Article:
I sorted out three main features from the brainstorming, which are
1. Tracking degree progress
2. Identify unsatisfied sections
3. Making academic plans for degrees

I also drew this task map of tracking degree progress and making academic plans. Even though these two main tasks seem sequential, several pieces of data are required in both of them. And there are two pain points.

1. To finish all tasks, users have to navigate back and forth.
2. Users can not find the graduation requirement directly on APR


After that, I draw a wireframe based on three main features, data visualization ideas, and the task map.

Heuristic Evaluation

After I finished the first version of high-fidelity screens, we conducted a Heuristic Evaluation base on the NN Group's 10 Usability Heuristic Principles. We found several issues on the wireframe and revise our design according to those issues.


After I finished the first version of high-fidelity screens, we conducted a Heuristic Evaluation base on the NN Group's 10 Usability Heuristic Principles. We found several issues on the wireframe and revise our design according to those issues.

Usability Test

1. Multiple navigation bars are confusing for users
Users are confused with two back buttons on Academic - the "back to academic dashboard" button and the "back to academic progress report" button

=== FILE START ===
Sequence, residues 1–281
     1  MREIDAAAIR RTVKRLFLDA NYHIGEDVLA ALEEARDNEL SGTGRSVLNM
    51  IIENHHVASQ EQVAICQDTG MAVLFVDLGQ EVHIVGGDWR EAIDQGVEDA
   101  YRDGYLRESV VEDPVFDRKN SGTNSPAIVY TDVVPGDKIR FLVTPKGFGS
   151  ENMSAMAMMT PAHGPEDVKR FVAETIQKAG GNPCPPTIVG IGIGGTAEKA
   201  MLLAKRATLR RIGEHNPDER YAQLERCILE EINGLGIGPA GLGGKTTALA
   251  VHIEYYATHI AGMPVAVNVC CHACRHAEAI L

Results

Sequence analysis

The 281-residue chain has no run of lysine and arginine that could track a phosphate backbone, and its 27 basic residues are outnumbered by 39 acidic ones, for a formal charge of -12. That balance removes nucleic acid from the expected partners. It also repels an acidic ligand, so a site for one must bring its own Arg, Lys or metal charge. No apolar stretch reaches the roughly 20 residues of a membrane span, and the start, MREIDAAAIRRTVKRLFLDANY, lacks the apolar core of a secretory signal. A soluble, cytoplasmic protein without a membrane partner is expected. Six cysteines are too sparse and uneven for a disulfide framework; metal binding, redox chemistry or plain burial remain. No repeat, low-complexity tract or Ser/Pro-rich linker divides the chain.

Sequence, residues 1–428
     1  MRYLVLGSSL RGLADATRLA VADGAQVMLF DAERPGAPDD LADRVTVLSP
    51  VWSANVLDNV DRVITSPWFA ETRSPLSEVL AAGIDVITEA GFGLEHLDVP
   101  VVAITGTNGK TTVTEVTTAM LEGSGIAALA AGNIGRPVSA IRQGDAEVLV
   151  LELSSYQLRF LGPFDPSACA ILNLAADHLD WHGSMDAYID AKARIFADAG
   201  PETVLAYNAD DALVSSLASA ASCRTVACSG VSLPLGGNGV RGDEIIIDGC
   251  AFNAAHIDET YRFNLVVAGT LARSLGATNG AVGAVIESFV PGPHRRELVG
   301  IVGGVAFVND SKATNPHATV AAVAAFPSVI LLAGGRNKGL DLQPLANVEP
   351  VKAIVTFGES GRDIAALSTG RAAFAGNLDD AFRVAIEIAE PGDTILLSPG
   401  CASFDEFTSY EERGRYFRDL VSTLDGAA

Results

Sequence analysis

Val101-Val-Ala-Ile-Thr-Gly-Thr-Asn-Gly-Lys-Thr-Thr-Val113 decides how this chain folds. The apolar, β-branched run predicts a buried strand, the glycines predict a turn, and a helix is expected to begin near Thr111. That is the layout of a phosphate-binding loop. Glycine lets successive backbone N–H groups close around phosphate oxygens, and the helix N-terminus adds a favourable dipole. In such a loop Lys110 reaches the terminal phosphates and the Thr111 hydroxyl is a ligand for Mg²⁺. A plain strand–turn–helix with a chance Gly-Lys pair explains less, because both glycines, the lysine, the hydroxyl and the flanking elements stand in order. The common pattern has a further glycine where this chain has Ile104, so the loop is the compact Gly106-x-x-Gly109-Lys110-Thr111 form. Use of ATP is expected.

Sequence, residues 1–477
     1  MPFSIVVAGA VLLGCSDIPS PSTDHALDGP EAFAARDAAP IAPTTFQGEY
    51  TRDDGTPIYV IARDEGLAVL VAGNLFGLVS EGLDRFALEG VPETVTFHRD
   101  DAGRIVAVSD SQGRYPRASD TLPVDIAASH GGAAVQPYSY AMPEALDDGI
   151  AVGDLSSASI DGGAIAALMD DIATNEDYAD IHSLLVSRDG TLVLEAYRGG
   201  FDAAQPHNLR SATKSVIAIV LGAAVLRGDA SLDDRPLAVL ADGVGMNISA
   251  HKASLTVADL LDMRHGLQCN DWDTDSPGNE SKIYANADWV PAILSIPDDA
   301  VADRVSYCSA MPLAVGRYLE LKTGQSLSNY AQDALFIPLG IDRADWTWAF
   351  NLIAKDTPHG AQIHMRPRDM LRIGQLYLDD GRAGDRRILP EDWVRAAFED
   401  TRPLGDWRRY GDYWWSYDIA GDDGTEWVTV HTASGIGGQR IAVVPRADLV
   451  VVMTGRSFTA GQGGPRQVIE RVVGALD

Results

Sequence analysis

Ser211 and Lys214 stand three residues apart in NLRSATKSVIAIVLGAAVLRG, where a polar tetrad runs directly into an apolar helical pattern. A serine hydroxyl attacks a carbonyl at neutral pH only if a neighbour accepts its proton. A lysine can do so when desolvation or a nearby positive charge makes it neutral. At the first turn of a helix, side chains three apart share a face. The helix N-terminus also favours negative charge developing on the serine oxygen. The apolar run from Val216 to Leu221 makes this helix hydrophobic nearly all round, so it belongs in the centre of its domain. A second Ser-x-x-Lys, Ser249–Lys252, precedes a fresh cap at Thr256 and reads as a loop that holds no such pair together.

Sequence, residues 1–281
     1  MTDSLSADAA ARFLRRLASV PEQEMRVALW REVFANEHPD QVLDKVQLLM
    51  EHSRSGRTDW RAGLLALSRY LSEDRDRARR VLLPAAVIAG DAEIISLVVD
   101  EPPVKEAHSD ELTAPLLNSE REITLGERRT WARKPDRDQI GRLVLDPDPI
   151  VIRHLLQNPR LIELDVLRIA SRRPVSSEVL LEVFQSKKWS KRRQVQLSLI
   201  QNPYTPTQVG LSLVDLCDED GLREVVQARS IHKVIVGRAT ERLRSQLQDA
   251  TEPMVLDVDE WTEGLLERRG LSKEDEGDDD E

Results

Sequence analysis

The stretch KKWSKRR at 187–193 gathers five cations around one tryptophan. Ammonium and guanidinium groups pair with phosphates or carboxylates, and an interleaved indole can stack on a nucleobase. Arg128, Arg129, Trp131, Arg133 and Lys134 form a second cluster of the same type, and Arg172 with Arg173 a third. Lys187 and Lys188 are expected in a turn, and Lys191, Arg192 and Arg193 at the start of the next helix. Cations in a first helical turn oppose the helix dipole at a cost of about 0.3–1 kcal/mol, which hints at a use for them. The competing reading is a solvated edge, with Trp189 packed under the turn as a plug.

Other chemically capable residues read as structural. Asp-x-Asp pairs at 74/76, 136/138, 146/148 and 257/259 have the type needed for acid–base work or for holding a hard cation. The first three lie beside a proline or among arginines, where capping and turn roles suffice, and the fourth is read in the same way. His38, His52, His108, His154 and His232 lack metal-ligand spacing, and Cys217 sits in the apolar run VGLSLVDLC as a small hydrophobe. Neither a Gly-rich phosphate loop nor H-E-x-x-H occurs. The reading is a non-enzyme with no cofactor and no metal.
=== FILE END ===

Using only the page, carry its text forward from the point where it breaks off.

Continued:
2. The Alert badge is not alert for users and didn't fulfill the requirement of accessibility
When users first land on the academic planner page, the alert badge can't attract their attention. For one participant with color weakness, he can barely see the red and green color difference for the alert message and safe message

Reflection & Learning

What would I do differently?

1. Let developers be involved in the design process at an early stage.
Lots of our ideas on visualization were inspired by developers. They gave the UX team a lot of suggestions on how to illustrate data and what kind of graphs could be coded. Collaborating with developers at an early stage could make the design process more efficient.

2. Evaluate the design system before starting the design.
We spent a lot of time on issues caused by the design system, such as the warning message and styles of cards. We had to revise the design system and the design of the academic progress report at the same time. If we had a chance to redo this project again, I would evaluate the design system when we found the first issue caused by the design system.

Next Step

1. Narrow in on live academic requirement monitor when making academic plans.
Although we add a Graduation Term card to the academic path planner, we didn't dig into the design of the tracking of units requirement card. There are also some technical difficulties behind tracking the required units lively should be considered in the design.

2. Interviewing and designing for transfer students.
We didn't interview and consider the needs of transfer students. The reason is transfer students have different academic levels and backgrounds which makes most of them usually don't expect they can still finish the whole undergrad study in 4 years. However, for most of people, finishing college as soon as possible is always good and cheaper. Interviewing them helps us better understand their needs and motivation of them to use APR and the academic progress planner, and take further design action to improve academic progress reports.


Will be iterated more and coded after the new CalCentral launch. 🥳